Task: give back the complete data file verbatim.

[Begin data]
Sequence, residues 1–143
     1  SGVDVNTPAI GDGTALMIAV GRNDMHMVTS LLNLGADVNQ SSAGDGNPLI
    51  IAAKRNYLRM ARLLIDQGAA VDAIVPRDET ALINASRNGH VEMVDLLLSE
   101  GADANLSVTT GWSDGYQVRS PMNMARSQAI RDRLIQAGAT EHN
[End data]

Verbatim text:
Sequence, residues 1–143
     1  SGVDVNTPAI GDGTALMIAV GRNDMHMVTS LLNLGADVNQ SSAGDGNPLI
    51  IAAKRNYLRM ARLLIDQGAA VDAIVPRDET ALINASRNGH VEMVDLLLSE
   101  GADANLSVTT GWSDGYQVRS PMNMARSQAI RDRLIQAGAT EHN